William A. Lohn was born on August 4, 1839 in Cincinnati, OH. According to his company descriptive book entry he was 5” 7 3/4” in height (exactly “average” for the typical Civil War soldier), had a “light” complexion, had brown hair and hazel eyes. He was a farmer from Hamilton County (Cincinnati), OH. Remarks about Lohn in the descriptive book entry noted that “(the) Little finger of each hand deformed,”. Lohn was obviously overcome with patriotic fervor, as he enlisted on April 20, 1861, only 8 days after the firing on Fort Sumter. He joined Company K of the 6th Ohio Volunteer Infantry at Camp Dennison, Ohio, enlisting for 90 days of service. On June 19th, 1861 the 6th Ohio Infantry was reorganized and mustered again as a 3-year regiment and Lohn reenlisted as a private in Company K. Lohn saw a significant amount of service during the war. He and the 6th Ohio spent the fall of 1861 operating against Robert E Lee in West Virginia and participated in the Cheat Mountain Campaign. The regiment was transferred to the Western Theater in November of 1861 and was stationed in Louisville until it joined Grant’s middle Tennessee campaign in February of 1862. The regiment joined Grant at the battle of Fort Donelson on February 14, 1862 and was there for the surrender of the fort on February 16. From Donelson Grant’s army marched on Nashville, and on February 25, the 6th Ohio was the first regiment to enter the city. Over the next few months, the regiment and Lohn participated in every major campaign and battle to take place in the Western Theater during 1862, including the battles of Shiloh, Corinth, Perryville and Stones River (Murfreesboro). After the battle of Stones River the regiment stayed in the Murfreesboro area for about 6 months, and participated the Tullahoma Campaign during the late spring and early summer of 1863, which culminated in campaign along the Tennessee / Georgia state line and the battle of Chickamauga. At Chickamauga, on September 19, 1863, William A Lohn was captured. The 6th Ohio remained in service in the South-East Tennessee and North Georgia area until June of 1864, when they were transferred to Camp Dennison, OH for mustering out on June 23, 1864, at the expiration of their 3-year enlistments. However, for William Lohn the war was far from over. He was sent from Georgia to Virginia, and on September 29, 1863 he was confined at Belle Isle in Richmond. In December of 1863 he was transferred to Danville, VA, and subsequently sent south the to the most notorious of the Confederate prison camps, Andersonville. Lohn was probably among the first of the prisoners to be confined there in February of 1864, and remained confined there until sometime late that year, when he was sent to Savannah, GA. Lohn was paroled on November 20, 1864 in Savannah. He was sent to Camp Parole, MD, arriving on December 4, 1864 and was immediately admitted to “Hospital Div. No 1”. On December 18, 1864 he received a 30 day furlough, and was finally mustered out of service on January 23, 1865, nearly 18 months after his regiment had conclude their term of service. Lohn married Elizabeth Marqua on October 11, 1866, but his records indicate that they did not have any children. Following the war Lohn applied numerous times for invalid pensions and benefits, but was repeatedly denied. His complaints included that he suffered from rheumatism that he contracted while at Belle Isle in December of 1863, as well as “scurvy and piles (together with lack of proper food) greatly affecting his nerves and kidneys”, the result of his incarceration at Andersonville in 1864. Eventually Lohn was eventually recommended for a 6/18 partial pension in 1891 of $6 per month. In 1913 he was given a full pension of $25 per month (later $30 per month). After the war Lohn worked at a tinsmith in Cincinnati, despite his multiple ailments lived to the ripe old age of 76, dying on November 24, 1915. It can only be presumed that he was issued this Enfield in late 1864 prior to his being mustered out in 1865, or that he purchased it after the war as a commemorative item. Obviously he cared about it enough to label it clearly as his own, and held the gun in high regard.
The P-1853 Enfield Rifle Musket attributed to William A Lohn is in about ATTIC FINE and untouched condition. Like so many P-1853 Enfields that saw service during the war, the gun bears no marks to indicate its Civil War use, other then Lohn name in the stock and the affixed name plate. The lock of the musket is marked TOWER / 1862 forward of the hammer and bears the typical British Crown, with no VR mark under it, at the tail of the lockplate. The lock shows the typical Birmingham double boarder line engraving around the outside edge of the lock plate and the hammer has the typical Birmingham “feathers”. The inside of the lock shows no contractor names or initials, with the only markings being the assembly mating mark | \ / on the edge of the lock. These same mating marks appear on the bottom of the barrel, on the bottom of the breech plug, on the necks of the lock and breech screws and in the ramrod channel of the stock. The lock has a thick brown patina, and shows moderate pinpricking and light pitting on the surface, as does the hammer. The lock is mechanically excellent and functions perfectly on all positions. The barrel of the musket has a deep, untouched chocolate brown patina, as do the balance of the iron parts. The breech and bolster area show moderate pinpricking and some light pitting, with the balance of the barrel (forward of the rear sight) shows less roughness, and scattered light to moderate pinpricking and peppering over the deeply oxidized brown patina. The standard post-1813 Birmingham commercial provisional proof, definitive proof and view marks are present on the upper left edge of the breech, along with a pair of 25 gauge marks, indicating the gun is .577 caliber. The marks are somewhat weak due to wear and surface oxidation. The bottom of the barrel is marked with the same three file slash | \ / mating marks as the edge of the lock. These same marks appear on the bottom of the breech plug as well. The bottom of the barrel shows only a pair of reversed R marks, a capital letter B and the name ROSE’s. Rose Brothers of Birmingham was one of the premier barrel makers during the mid-19th century and producing high quality “patent twist” gun barrels from 1860 to 1870. The bore of the musket is in about GOOD condition. It is very dark and dirty, but it retains strong visible rifling. As would be expected on a commercial arm, intended for export, there are no British military inspection or ownership marks present. The gun retains its complete, original and fully functional rear sight, as well as its front sight/bayonet lug. The musket retains both of its original sling swivels and its original, full-length ramrod, which has good threads at the end. All three barrel bands even retain their original screw protecting washers. A period snap cap (cone protector) is attached to the rear sling swivel with the correct iron split ring and teardrop shaped brass chain. The snap cap retains its iron base but is missing the leather pads. The cap may be a later addition, as the sling swivel is installed on the gun backwards. The cap does, however, have a patina and age that match the musket perfectly. All of the brass furniture has a very attractive, dark brownish-green patina, which is totally untouched and uncleaned. The stock is in truly FINE condition and is very crisp throughout with extremely sharp lines and fine wood to metal fit. The stock is solid, full length and complete, and is free of any breaks or repairs. The stock shows only the usual variety of scattered bumps, dings and mars from use and service in the field. As noted earlier, the obverse buttstock is stamped WM. A. LOHN, and the same mark appears on an old, period applied brass plaque on the stock flat, opposite the lock.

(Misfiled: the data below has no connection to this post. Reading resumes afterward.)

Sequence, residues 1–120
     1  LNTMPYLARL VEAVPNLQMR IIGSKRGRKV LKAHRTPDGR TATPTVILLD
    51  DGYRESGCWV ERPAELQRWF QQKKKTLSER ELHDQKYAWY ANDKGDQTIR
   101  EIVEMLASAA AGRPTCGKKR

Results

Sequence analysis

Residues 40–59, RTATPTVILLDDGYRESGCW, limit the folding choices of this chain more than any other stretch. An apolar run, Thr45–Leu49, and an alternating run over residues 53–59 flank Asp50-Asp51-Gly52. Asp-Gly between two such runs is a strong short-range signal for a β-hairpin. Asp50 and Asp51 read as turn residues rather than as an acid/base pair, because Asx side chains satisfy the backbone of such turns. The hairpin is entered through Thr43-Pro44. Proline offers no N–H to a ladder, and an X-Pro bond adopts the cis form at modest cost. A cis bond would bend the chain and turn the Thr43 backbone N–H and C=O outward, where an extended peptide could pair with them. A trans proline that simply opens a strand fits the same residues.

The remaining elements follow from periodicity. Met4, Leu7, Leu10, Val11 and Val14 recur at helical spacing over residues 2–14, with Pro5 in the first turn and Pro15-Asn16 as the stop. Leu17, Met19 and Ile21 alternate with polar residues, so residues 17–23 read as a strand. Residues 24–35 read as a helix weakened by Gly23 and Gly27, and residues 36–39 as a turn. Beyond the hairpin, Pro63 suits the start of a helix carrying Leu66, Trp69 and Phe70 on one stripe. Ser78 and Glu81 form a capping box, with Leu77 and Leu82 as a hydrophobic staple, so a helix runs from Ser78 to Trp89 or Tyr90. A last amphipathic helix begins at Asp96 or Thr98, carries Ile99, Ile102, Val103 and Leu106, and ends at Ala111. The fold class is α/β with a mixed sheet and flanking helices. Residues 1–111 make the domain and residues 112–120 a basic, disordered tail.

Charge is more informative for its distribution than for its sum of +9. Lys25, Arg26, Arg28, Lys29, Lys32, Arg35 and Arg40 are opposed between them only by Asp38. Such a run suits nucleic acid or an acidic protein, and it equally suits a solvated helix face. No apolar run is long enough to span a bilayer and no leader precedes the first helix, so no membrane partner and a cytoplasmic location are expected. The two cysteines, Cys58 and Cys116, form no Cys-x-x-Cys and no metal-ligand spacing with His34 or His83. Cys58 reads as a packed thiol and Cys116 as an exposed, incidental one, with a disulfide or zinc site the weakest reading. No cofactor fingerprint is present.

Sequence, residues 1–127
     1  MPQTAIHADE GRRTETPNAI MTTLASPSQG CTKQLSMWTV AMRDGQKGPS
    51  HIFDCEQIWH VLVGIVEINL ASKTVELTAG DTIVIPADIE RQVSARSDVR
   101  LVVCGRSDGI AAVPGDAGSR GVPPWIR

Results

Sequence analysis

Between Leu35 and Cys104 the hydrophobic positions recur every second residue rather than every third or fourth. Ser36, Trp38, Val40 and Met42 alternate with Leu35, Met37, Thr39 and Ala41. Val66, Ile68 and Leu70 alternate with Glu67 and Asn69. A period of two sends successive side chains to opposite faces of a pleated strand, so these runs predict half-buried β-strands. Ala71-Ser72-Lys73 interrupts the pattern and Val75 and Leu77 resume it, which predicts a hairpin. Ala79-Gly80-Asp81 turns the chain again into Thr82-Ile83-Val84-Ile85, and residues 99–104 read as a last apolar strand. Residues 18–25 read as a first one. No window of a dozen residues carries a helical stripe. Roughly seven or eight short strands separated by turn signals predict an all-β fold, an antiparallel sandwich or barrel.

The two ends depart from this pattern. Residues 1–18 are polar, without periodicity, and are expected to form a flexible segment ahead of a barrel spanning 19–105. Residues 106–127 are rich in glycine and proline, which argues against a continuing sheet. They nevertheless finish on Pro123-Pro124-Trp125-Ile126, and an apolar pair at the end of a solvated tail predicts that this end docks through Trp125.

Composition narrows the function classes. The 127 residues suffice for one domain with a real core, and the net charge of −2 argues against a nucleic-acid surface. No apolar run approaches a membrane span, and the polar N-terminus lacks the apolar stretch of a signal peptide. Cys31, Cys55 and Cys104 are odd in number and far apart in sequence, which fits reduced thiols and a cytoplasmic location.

Overall this is a very crisp, completely original and totally untouched example of Pattern 1853 Enfield Rifle Musket that saw real use during the American Civil War, and was subsequently owned and displayed by William A Lohn of the 6th Ohio Volunteer Infantry. The gun is mechanically fine, 100% complete, has great eye appeal and displays wonderfully. The gun is accompanied by a folder of William Lohn’s records, photocopied at from the National Archives, as well as a copy of the original catalog, that featured the gun for sale in May of 1998. The gun has been in an advanced Northern Virginia collection ever since. Rarely do such wonderful condition, un-messed with guns with great history and provenance come to market. This one is right as rain and will be a great addition to you Civil War arms collection.SOLD